I was floored. I told him about this thing getting up close and personal, invading my personal space. It seems like this was their signature method of introducing themselves. I hadn’t found it genuinely disconcerting because I hadn’t even been convinced that this was a real entity. It was sort of comic. But now I was weirded out. Had I made “contact”? Had they contacted me? Who were “they”?
Subsequent contact with the manta ray entity did not satisfy my curiosity about these matters, probably because, once again, I didn’t trust that my imagination wasn’t filling in the blanks. One of the things that it told me was that I had been one of them, and had lived a life in another part of the universe as a manta being. This crossed my “boggle threshold” on so many levels. At the time, I wasn’t even sure that I believed in multiple lives or incarnations. And while I dutifully recorded the “conversations” in my journal, I didn’t give them much credence. The skeptic in me wouldn’t accept the “high strangeness” or ridiculous factor of the whole episode.
But here’s the thing. Ever since St Augustine of Hippo (354-430 CE) lambasted and slandered the imagination as “fantastica fornicato,” the prostitution of the mind to its own fantasies—i.e., mental masturbation—we, in the west, have largely looked down upon the imagination as an endogenous source of merely subjective and deceptive fancy; the department of distraction and entertainment, the Scheherazade of mental faculties. Of course, Augustine was afraid of perspicuous observers comparing the iconography of Christianity—The One True Religion, after all—with all those other, “demonic,” “pagan” symbol systems and stories, and thereby catching all the essential and undeniable similarities. Moreover, since he invented the doctrine of Original Sin, which held that human nature has been utterly corrupted by the Fall in the Garden, when Eve and Adam disobeyed God and ate the fruit, this corruption would include the faculty imagination, which is our innate capacity to form images—the original, primary language of the human psyche, after all. We dream in images, not words.
Yet, from Plato onward, straight through Neo-platonic and the esoteric traditions of the ancient Hermeticism to that of Carl Jung and Henri Corbin, the imagination, in its primary usage, has been properly understood as an organ of perception of reality rather than a weaver of auto-erotic illusions and pathological delusions. Yes, of course, there must be discernment. But we need to struggle hard in order to overcome our culturally conditioned prejudices against the imagination, and our reflexive, habitual disdain of it as an epistemological lowlife.
More to come.
MY “STARFIELD” DREAMS
Although I haven’t had one in a while, for many years I had a periodically recurring dream that I called my “Starfield” dream:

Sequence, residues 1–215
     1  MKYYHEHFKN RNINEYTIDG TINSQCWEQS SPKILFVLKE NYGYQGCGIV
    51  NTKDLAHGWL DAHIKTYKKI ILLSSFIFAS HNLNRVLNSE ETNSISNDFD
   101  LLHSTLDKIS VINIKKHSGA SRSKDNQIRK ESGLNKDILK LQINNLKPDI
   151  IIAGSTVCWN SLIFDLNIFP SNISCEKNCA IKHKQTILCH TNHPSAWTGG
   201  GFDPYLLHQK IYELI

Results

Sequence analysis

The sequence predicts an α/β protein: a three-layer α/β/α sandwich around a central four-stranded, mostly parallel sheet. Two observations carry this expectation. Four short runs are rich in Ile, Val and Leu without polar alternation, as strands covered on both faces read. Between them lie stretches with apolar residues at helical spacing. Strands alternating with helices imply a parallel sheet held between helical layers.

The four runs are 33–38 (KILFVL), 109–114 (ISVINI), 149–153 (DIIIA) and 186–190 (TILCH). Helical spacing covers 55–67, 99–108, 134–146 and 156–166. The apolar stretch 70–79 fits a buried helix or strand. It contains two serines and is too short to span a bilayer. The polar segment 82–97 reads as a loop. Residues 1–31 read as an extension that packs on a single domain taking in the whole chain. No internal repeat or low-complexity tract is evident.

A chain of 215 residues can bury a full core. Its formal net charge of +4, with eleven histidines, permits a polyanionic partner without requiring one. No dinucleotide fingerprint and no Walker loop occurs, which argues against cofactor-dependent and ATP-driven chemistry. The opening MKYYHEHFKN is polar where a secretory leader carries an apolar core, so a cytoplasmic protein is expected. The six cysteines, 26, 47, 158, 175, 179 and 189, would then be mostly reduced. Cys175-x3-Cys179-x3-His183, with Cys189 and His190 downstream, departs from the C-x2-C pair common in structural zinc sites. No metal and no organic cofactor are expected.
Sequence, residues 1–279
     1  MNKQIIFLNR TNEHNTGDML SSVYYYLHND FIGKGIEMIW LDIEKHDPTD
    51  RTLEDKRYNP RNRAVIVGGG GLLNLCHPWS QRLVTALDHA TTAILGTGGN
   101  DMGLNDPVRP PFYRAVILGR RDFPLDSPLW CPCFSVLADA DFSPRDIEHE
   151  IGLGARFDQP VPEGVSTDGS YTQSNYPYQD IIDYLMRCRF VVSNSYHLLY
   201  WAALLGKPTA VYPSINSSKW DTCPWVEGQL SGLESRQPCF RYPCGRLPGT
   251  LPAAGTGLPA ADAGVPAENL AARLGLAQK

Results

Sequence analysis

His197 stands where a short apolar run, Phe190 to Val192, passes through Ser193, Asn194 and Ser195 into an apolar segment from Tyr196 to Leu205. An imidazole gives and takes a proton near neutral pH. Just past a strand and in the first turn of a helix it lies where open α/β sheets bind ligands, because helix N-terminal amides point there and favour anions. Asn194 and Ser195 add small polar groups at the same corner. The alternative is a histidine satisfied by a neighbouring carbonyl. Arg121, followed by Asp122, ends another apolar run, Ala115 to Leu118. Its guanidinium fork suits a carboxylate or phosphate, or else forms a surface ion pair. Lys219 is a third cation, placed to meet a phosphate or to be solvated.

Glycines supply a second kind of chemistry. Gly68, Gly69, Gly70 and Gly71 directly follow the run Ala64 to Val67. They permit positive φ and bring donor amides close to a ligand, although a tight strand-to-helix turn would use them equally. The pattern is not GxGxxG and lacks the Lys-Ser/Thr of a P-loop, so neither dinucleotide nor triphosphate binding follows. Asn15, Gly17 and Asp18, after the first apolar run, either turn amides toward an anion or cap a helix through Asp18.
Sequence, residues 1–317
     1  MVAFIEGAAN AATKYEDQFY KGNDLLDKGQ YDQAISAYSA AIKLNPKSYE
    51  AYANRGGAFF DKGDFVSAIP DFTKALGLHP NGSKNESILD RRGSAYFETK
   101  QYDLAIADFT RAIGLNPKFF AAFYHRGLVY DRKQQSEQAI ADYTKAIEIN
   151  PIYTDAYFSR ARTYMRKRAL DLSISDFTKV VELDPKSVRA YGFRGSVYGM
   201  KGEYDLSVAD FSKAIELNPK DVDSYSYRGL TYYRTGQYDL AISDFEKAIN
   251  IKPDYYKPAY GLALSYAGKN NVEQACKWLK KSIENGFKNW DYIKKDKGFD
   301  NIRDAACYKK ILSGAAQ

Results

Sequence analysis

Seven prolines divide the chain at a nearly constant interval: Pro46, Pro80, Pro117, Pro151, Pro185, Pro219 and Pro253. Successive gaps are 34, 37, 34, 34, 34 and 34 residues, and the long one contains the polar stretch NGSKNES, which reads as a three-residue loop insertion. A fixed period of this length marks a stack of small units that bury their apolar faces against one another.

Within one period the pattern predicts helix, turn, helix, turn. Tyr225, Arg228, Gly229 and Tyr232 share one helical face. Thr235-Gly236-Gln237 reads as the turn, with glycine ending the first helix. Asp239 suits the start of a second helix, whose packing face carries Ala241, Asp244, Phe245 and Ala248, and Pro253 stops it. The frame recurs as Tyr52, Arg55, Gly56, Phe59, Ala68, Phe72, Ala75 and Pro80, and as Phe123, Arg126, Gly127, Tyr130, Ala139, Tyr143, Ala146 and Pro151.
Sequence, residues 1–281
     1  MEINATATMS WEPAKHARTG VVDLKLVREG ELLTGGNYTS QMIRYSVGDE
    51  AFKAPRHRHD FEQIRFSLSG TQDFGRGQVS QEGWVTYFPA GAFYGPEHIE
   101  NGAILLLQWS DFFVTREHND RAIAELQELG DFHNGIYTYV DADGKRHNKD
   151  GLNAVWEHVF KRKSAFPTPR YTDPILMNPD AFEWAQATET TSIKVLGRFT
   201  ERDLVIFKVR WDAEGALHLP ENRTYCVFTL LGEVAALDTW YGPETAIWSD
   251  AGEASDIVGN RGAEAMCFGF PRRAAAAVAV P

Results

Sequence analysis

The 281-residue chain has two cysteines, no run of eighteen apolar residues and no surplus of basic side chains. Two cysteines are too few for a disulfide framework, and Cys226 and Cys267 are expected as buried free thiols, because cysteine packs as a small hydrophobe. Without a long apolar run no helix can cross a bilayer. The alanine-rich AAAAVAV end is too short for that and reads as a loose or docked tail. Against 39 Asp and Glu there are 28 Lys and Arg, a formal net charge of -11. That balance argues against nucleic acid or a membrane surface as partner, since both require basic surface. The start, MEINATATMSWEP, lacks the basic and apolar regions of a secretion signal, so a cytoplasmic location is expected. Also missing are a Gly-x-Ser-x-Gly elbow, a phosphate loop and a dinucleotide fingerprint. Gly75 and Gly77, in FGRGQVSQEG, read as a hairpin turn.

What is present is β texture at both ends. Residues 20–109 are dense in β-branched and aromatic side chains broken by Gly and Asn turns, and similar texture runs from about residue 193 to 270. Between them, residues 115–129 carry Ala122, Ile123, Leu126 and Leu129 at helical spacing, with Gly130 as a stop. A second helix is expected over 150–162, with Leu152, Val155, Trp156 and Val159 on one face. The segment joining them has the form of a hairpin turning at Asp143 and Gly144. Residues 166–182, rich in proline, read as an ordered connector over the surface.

I’m standing outside at dusk, in a park, or park-like setting. There is a huge open expanse of lawn in front of me, with a line of tall trees off in the distance. People are milling around, and some are looking up at the early evening sky. I, too look up, and it seems as though the sky is absolutely teeming with stars. I’ve never seen it quite as crowded as this. Then, suddenly, the stars begin to move across the sky at high speed, in all different directions, scattering like celestial bugs! Just watching them makes me dizzy, but it is only in part their physical movement that is responsible for my vertigo. For I know that real stars can’t move in this way, and that these globes of light are not stars, but rather, UFOs, in the shape of luminescent orbs. And they will shortly be landing on earth! I feel as if I’m about to faint.
It was always the same, every time.
I wouldn’t call it a nightmare, but it wasn’t exactly pleasant, either. The sense of anxiety and foreboding at the end of the dream was very strong and uncomfortable, as was the sensation of vertigo itself. (I don’t have vertigo in my waking life, except that I’ve never been overly fond of going up on ladders). Years ago I read a book on recurring dreams, in which the author suggested that a dream will recur only when we don’t “get” its symbolic message. But I couldn’t figure out what the underlying message was, if indeed there was one.
I’d pretty much forgotten all about the dream, because, as I say, I haven’t had one in a good long while—years, even.
And then, only a few weeks ago, I started reading a book I’d recently ordered on Amazon, Inside UFOs: True Accounts of Contact with Extraterrestrials (2017), by UFO researcher Preston Dennett. In Chapter Four, Dennett examines the case of a woman named Jeannie Noble, who had had vivid dreams about UFOs for as long as she could remember—but never, to her conscious knowledge, had she “actually seen” a UFO. One of the themes of a recurring dream she had involved “humanity’s imminent contact” with ETs:
“All through my childhood and into my adulthood . . . I would have the same dream over and over again. And as I grew older, I was always age appropriate in the dream. And the dream was: I was in a park. It was nighttime, and there were lots of people around. All of a sudden, the night sky filled with all kinds of saucers, or flying machines. They were filling the sky and everybody was panicked and running. So because they were running, I was running. And all of these people were scared to death. But I was never afraid. I’ve had this same dream over and over” (p. 72).